“When we noticed people weren’t coming back it was more because of older members having those worries about being exposed. Other people’s lives had changed too and didn’t come back.
“The fall wasn’t massively dramatic – it was just a loss in certain areas – mainly the recreational older members and the intake of learn to row members.”
However, Mindy also admits that the club is actually in a better place now after all they got through together.
He explained how the running of the club is more streamlined thanks to technology: “Taking advantage of systems like Zoom, where you can have meetings without cramming everyone into one place, we’re getting better attendance at those than previously when we might have to have organise a venue.
“Nowadays the club runs everything through a shared document space too. Just getting people working in the 21st-century has been really good.”
Shanklin Sandown Rowing Club – coastal community support
Over on the Isle of Wight, Shanklin Sandown Rowing Club was one of the clubs going about the business as usual in March 2020.
Garry Walters remembered: “We had a local head race the Saturday before it all kicked off on the Thursday. “Even then it didn’t cross your mind that could happen in five days’ time.”
“We didn’t lose anybody, they just waited in the wings. It’s like a coastal family”
The club, just like the country, went into lockdown but was buoyed by the support of members.
Garry recalled that there “was never any resistance” when it came to members supporting the club through membership fees.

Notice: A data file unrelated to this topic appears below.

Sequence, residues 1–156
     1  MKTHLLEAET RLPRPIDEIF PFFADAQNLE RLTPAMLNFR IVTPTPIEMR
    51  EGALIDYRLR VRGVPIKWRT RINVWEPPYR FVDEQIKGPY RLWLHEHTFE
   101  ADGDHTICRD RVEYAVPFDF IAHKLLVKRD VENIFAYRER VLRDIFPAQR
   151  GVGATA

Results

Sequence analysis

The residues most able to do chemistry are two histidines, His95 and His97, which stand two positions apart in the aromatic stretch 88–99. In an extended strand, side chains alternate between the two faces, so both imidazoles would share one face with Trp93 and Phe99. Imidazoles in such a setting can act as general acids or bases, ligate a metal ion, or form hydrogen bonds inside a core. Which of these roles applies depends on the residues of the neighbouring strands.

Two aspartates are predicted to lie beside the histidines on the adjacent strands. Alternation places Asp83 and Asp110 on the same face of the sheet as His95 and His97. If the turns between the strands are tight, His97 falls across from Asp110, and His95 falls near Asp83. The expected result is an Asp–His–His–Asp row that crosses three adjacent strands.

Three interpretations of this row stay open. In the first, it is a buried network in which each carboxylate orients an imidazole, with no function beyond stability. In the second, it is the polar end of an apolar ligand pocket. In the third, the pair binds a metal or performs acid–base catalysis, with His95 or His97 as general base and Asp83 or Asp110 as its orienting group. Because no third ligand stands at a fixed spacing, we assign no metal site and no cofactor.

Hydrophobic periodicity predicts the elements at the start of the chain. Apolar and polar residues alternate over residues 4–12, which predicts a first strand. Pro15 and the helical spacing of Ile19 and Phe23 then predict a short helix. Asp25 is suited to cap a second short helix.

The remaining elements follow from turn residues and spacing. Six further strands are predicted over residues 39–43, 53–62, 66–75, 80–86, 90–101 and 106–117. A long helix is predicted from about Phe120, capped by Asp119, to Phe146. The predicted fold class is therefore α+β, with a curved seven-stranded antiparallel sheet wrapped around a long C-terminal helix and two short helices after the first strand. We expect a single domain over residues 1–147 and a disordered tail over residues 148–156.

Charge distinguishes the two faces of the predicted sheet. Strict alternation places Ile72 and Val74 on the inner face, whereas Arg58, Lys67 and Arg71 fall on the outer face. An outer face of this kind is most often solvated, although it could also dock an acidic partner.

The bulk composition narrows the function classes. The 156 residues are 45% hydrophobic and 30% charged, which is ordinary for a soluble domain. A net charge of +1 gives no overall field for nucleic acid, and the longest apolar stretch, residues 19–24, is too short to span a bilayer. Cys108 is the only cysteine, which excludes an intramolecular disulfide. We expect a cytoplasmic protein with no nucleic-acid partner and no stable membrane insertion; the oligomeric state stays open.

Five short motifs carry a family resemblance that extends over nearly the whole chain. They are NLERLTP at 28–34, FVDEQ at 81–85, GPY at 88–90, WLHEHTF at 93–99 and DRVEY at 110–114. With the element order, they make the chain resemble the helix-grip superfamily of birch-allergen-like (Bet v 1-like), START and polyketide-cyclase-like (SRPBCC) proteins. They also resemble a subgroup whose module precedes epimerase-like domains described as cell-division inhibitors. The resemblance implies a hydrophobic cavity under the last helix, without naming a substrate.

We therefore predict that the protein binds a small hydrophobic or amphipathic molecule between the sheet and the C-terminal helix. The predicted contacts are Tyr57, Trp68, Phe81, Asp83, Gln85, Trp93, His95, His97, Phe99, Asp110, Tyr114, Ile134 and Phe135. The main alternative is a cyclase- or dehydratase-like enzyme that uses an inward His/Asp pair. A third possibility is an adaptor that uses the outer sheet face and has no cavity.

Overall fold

Having the community of a tight-knit coastal rowing scene and the community of the Isle of Wight helped with that support.
He said: “We didn’t lose anybody, they just waited in the wings. It’s like a coastal family.”
As a result, Shanklin was able to offer the following year’s membership at half the price and benefitted from a couple of grants too.
Garry said: “We’ve caught up with boat repairs and invested in new equipment, blades and ergos, and did some club refurbishment. It was an ideal opportunity to do that.”
Bristol Ariel Rowing Club – engaging members and sharing out responsibility
Bristol Ariel’s Go Row Indoor rowers were pounding away at the ergos when Geoff Lester made his way into the room having just watched PM Boris Johnson’s speech.
He broke the news that it would be the members’ last session for the foreseeable and the club would have to come down.
Geoff said: “We had some anxiety about membership – most of our members do pay monthly.
“We immediately recognised that some would be in financial difficulties as a result of the emergency measures so accepted that some would suspend their subscriptions.”
However, not many did pull out and the club went above and beyond to keep rowers engaged virtually.
Being one of the country’s clubs that offers the Go Row Indoor scheme, Bristol’s membership numbers had a greater backstop than many others.
Geoff said: “On a normal year they’ve been providing six to eight thousand extra pounds, some of that, of course, goes to the personal trainer who runs the classes.”
“Bristol Ariel helped facilitate a happy return to training by liaising with other clubs on the stretch of water”
And, even though the pull of a return to water sessions wasn’t there for those members, they also came back keen.
Geoff added: “Since we opened up, I’ve been pleasantly surprised how many who we haven’t seen for 18 months have just come back and got straight back into it.
“There’s clearly a feeling of wanting to do the class.”
For those coming back on the water, Bristol Ariel helped facilitate a happy return to training by liaising with other clubs on the stretch of water.
Geoff said: “What we really wanted to avoid was the Chinese whispers of, ‘up the river they’re out in singles and doubles, but you are restricting it’.
“We wanted to quell all of that. So, the captains were meeting and coordinating.”